Now I can turn my eyes towards the mill again, and watch the unresting wheel sending out its diamond jets of water. That little girl is watching it too: she has been standing on just the same spot at the edge of the water ever since I paused on the bridge. And that queer white cur with the brown ear seems to be leaping and barking in ineffectual remonstrance with the wheel; perhaps he is jealous, because his playfellow in the beaver bonnet is so rapt in its movement. It is time the little playfellow went in, I think; and there is a very bright fire to tempt her: the red light shines out under the deepening grey of the sky. It is time, too, for me to leave off resting my arms on the cold stone of this bridge. . . .
Ah, my arms are really benumbed. I have been pressing my elbows on the arms of my chair, and dreaming that I was standing on the bridge in front of Dorlcote Mill, as it looked one February afternoon many years ago. Before I dozed off, I was going to tell you what Mr. and Mrs. Tulliver were talking about, as they sat by the bright fire in the left-hand parlour, on that very afternoon I have been dreaming of.
chapter ii Mr. Tulliver, of Dorlcote Mill, Declares His Resolution About Tom
“What I want, you know,” said Mr. Tulliver—“what I want is to give Tom a good eddication; an eddication as’ll be a bread to him. That was what I was thinking of when I gave notice for him to leave the academy at Ladyday. I mean to put him to a downright good school at Midsummer. The two years at th’ academy ’ud ha’ done well enough, if I’d meant to make a miller and farmer of him, for he’s had a fine sight more schoolin’ nor I ever got: all the learnin’ my father ever paid for was a bit o’ birch at one end and the alphabet at th’ other. But I should like Tom to be a bit of a scholard, so as he might be up to the tricks o’ these fellows as talk fine and write with a flourish. It ’ud be a help to me wi’ these lawsuits, and arbitrations, and things. I wouldn’t make a downright lawyer o’ the lad—I should be sorry for him to be a raskill—but a sort o’ engineer, or a surveyor, or an auctioneer and vallyer, like Riley, or one o’ them smartish businesses as are all profits and no outlay, only for a big watch-chain and a high stool. They’re pretty nigh all one, and they’re not far off being even wi’ the law, I believe; for Riley looks Lawyer Wakem i the face as hard as one cat looks another. He’s none frightened at him.”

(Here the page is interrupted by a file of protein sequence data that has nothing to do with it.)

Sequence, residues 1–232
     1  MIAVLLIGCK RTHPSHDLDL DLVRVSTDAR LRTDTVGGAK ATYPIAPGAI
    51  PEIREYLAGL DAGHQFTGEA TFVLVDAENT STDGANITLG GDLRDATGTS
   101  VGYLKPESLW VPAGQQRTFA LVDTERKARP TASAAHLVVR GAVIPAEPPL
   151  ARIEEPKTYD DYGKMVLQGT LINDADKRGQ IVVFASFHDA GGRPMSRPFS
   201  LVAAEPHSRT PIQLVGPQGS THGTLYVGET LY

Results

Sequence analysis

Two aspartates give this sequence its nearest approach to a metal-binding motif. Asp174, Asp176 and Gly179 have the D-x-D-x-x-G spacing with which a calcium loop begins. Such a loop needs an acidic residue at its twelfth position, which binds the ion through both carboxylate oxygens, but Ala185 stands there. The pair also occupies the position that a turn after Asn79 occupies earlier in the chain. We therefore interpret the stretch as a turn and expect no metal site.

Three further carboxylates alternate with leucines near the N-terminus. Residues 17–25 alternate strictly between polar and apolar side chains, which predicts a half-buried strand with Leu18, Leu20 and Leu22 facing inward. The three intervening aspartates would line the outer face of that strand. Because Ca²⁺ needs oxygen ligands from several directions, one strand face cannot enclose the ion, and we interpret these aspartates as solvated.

Mr. Tulliver was speaking to his wife, a blond comely woman in a fan-shaped cap (I am afraid to think how long it is since fan-shaped caps were worn—they must be so near coming in again. At that time, when Mrs. Tulliver was nearly forty, they were new at St. Ogg’s, and considered sweet things).
“Well, Mr. Tulliver, you know best: I’ve no objections. But hadn’t I better kill a couple o’ fowl and have th’ aunts and uncles to dinner next week, so as you may hear what sister Glegg and sister Pullet have got to say about it? There’s a couple o’ fowl wants killing!”
“You may kill every fowl i’ the yard, if you like, Bessy; but I shall ask neither aunt nor uncle what I’m to do wi’ my own lad,” said Mr. Tulliver, defiantly.
“Dear heart!” said Mrs. Tulliver, shocked at this sanguinary rhetoric, “how can you talk so, Mr. Tulliver? But it’s your way to speak disrespectful o’ my family; and sister Glegg throws all the blame upo’ me, though I’m sure I’m as innocent as the babe unborn. For nobody’s ever heard me say as it wasn’t lucky for my children to have aunts and uncles as can live independent. Howiver, if Tom’s to go to a new school, I should like him to go where I can wash him and mend him; else he might as well have calico as linen, for they’d be one as yallow as th’ other before they’d been washed half-a-dozen times. And then, when the box is goin backards and forrards, I could send the lad a cake, or a pork-pie, or an apple; for he can do with an extry bit, bless him, whether they stint him at the meals or no. My children can eat as much victuals as most, thank God.”
“Well, well, we won’t send him out o’ reach o’ the carrier’s cart, if other things fit in,” said Mr. Tulliver. “But you mustn’t put a spoke i the wheel about the washin’, if we can’t get a school near enough. That’s the fault I have to find wi’ you, Bessy; if you see a stick i’ the road, you’re allays thinkin’ you can’t step over it. You’d want me not to hire a good waggoner, ’cause he’d got a mole on his face.”
Table of Contents
Acknowledgements Introduction George Eliot: A Brief Chronology A Note on the Text The Mill on the Floss
Appendix A: George Eliot’s Translations, Essays, Reviews, and Poems
- From George Eliot’s translation of Ludwig Feuerbach’s The Essence of Christianity (1854)
- [George Eliot], “Margaret Fuller and Mary Wollstonecraft,” Leader (13 October 1855)